On Being Back… Without

Have you had this experience?

You go back to a place you know well and haven’t been to for a while. Your circumstances have changed, and the feeling you get being there is both excruciatingly familiar and utterly strange.

It is such a complex experience, and since it happened to me yesterday, I’ve been trying to come up with some way of describing it.

For more than 30 years my husband, Andy Gardner, and I lived at the edge of a small village in rural northeastern Pennsylvania. We were both self-employed, so we were able to work from home. We had friends there, and each of us was active in several organizations and projects. But the place was remote and conservative, and for me it never truly felt like home. We had to drive 45 minutes to get to the supermarket, office supply store, doctors, etc.

When Andy died in August 2020, I knew I didn’t want to stay there. A few weeks later, I started looking for a new place to live, and in mid-November I found a little house in Ithaca, New York that I knew was mine.

I go back every now and then to Pennsylvania—to see friends, to go to my eye doctor or tax preparer. Every time I drive toward the village on those familiar roads, that strange feeling begins to overpower me. This is too familiar. And yet it is not familiar at all, because Andy is no longer here. My body thinks I’m going home, but I’m not, not at all. Am I the same person? I feel like someone who was mortally wounded in battle, was unconscious for a long period of time, and yet, miraculously, have awakened. I have the sense that my previous life has become a small, condensed, precious thing encased in glass.

Yesterday, I came back to the area for a doctor’s appointment. Afterwards, I had a couple of hours to wait before meeting a friend for tea, so, since there are no nice coffee shops in that area, I decided to go to the Wegmans supermarket. For many years, Andy and I would do our shopping together there. I always loved those conversations about our shared needs that took place in the aisles: “Do we need coffee?” “Maybe we should get some salmon.” Once, another shopper approached us and told us we looked like a really interesting couple.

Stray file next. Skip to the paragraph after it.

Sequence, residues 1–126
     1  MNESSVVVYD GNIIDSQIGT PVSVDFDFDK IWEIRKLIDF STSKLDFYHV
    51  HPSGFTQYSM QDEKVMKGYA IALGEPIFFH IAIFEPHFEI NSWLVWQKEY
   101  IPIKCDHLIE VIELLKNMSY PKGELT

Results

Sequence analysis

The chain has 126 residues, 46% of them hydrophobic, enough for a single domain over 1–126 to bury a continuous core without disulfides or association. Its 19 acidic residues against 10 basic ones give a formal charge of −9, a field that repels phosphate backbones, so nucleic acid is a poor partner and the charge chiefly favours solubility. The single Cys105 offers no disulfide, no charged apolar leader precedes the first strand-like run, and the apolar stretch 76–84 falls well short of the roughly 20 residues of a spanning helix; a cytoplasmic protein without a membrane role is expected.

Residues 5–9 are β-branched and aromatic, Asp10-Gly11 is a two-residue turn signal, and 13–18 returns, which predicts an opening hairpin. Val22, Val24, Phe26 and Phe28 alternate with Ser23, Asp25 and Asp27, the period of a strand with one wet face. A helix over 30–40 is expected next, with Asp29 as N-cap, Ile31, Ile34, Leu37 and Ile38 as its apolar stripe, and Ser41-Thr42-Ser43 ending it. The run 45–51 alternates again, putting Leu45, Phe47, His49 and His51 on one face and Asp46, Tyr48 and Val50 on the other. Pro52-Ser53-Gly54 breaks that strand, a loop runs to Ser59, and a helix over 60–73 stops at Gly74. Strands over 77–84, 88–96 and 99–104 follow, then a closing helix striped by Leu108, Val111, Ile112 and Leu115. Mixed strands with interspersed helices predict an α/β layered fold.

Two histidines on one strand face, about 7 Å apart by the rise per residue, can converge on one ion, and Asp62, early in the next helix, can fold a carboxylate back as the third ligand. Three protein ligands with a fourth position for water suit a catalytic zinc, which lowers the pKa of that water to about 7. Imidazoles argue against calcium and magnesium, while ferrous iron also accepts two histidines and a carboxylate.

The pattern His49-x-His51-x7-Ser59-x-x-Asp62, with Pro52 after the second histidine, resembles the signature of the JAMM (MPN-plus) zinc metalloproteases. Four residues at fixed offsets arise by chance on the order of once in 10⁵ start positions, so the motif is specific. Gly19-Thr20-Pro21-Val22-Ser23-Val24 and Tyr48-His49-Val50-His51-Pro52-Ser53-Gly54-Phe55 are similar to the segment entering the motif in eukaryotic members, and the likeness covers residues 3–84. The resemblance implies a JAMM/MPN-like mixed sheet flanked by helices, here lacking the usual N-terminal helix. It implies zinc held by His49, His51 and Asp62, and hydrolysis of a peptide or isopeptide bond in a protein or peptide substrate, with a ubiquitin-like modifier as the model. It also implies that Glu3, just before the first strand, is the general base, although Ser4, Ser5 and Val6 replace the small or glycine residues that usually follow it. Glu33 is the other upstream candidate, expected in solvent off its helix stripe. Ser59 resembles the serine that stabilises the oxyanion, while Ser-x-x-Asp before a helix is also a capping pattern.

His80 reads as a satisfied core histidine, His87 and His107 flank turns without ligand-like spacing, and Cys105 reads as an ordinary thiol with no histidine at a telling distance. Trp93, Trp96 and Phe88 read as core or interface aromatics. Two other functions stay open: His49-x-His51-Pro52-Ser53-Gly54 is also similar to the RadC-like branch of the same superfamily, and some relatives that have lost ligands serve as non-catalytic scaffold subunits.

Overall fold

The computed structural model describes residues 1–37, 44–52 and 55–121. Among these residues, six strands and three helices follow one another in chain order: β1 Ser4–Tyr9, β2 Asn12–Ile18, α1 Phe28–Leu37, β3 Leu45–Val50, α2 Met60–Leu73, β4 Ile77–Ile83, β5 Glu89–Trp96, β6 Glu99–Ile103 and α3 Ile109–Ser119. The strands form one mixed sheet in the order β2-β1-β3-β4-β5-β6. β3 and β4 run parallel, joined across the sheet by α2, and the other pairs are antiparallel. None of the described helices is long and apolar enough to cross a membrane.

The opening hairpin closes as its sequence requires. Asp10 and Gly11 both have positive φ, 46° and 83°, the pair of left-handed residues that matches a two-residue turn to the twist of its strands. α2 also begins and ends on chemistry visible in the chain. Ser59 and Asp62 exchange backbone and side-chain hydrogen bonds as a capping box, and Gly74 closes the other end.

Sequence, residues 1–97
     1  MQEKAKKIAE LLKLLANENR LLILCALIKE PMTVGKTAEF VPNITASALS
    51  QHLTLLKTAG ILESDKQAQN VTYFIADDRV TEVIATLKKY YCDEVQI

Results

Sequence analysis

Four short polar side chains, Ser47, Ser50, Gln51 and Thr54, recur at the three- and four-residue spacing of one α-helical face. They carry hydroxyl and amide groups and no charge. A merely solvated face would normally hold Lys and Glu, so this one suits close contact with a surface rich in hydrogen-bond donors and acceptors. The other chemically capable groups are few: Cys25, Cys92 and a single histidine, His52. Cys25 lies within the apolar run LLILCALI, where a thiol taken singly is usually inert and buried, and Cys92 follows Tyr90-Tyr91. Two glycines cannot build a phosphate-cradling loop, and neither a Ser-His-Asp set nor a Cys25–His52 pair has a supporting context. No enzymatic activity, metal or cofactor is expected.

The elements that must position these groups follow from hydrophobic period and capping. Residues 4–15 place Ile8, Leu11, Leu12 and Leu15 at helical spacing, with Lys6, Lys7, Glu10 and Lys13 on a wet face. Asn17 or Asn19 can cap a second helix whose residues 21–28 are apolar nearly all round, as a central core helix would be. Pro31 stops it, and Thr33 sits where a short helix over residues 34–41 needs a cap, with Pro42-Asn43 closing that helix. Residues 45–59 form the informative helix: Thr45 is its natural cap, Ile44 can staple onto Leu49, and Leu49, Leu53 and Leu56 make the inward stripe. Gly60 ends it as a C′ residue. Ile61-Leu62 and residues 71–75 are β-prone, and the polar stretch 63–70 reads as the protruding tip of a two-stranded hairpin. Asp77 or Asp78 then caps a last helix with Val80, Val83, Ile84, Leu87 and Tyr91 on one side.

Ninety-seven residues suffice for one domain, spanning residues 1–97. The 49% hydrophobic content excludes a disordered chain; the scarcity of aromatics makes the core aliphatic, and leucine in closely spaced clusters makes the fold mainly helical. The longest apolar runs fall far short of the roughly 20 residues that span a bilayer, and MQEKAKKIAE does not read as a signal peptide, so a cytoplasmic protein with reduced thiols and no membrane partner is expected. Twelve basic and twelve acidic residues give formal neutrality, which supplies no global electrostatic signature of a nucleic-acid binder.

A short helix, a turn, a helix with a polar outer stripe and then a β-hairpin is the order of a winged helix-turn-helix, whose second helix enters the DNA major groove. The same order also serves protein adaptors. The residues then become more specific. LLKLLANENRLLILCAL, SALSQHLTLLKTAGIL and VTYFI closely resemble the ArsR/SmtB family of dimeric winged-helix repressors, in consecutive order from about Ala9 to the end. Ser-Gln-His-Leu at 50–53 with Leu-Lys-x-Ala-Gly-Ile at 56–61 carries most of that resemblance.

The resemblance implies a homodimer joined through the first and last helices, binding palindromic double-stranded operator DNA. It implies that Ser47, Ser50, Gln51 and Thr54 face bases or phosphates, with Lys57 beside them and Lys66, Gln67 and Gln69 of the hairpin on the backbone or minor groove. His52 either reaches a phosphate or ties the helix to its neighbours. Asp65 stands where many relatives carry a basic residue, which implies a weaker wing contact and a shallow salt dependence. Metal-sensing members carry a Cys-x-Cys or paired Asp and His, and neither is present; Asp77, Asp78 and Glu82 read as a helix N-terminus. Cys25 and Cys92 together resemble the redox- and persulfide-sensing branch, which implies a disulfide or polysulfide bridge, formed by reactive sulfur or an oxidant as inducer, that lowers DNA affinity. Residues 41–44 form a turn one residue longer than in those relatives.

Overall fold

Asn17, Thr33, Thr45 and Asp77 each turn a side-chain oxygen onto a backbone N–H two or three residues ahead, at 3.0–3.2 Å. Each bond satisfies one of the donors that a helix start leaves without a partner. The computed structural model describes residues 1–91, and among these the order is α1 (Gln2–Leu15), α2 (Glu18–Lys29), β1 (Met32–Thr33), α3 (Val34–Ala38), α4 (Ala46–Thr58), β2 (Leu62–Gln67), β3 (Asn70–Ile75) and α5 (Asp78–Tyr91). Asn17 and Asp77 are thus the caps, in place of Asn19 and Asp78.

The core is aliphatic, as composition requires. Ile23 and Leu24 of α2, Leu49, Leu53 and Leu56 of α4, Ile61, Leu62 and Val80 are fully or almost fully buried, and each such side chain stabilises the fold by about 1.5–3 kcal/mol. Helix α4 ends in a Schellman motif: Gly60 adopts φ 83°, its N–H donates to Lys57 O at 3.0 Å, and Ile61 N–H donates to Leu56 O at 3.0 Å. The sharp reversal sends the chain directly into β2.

I went to the Wegmans café and read for a while. Then, before it was time to meet my friend, I decided to say hello to Andy’s and my favorite cashier, whose aisle we always went to. She wasn’t there. And something about her absence made me feel as if my entire life back had been sucked away, leaving only the blasted-out warehouse that was this bustling supermarket.

Here’s how I can best define that feeling of going back under new circumstances: it’s as if only a tiny little pipette emerges from the glass casing of memory to connect my present to my past. And yet, because that thin channel is the only route through which who I was can encounter who I am, the strangeness and loneliness of the present flies backwards, and the familiarity and sweetness of the past rushes forward. They collide, and I am uprooted.

Photo: Andy in Malta, 2017

Leave a Reply

Your email address will not be published. Required fields are marked *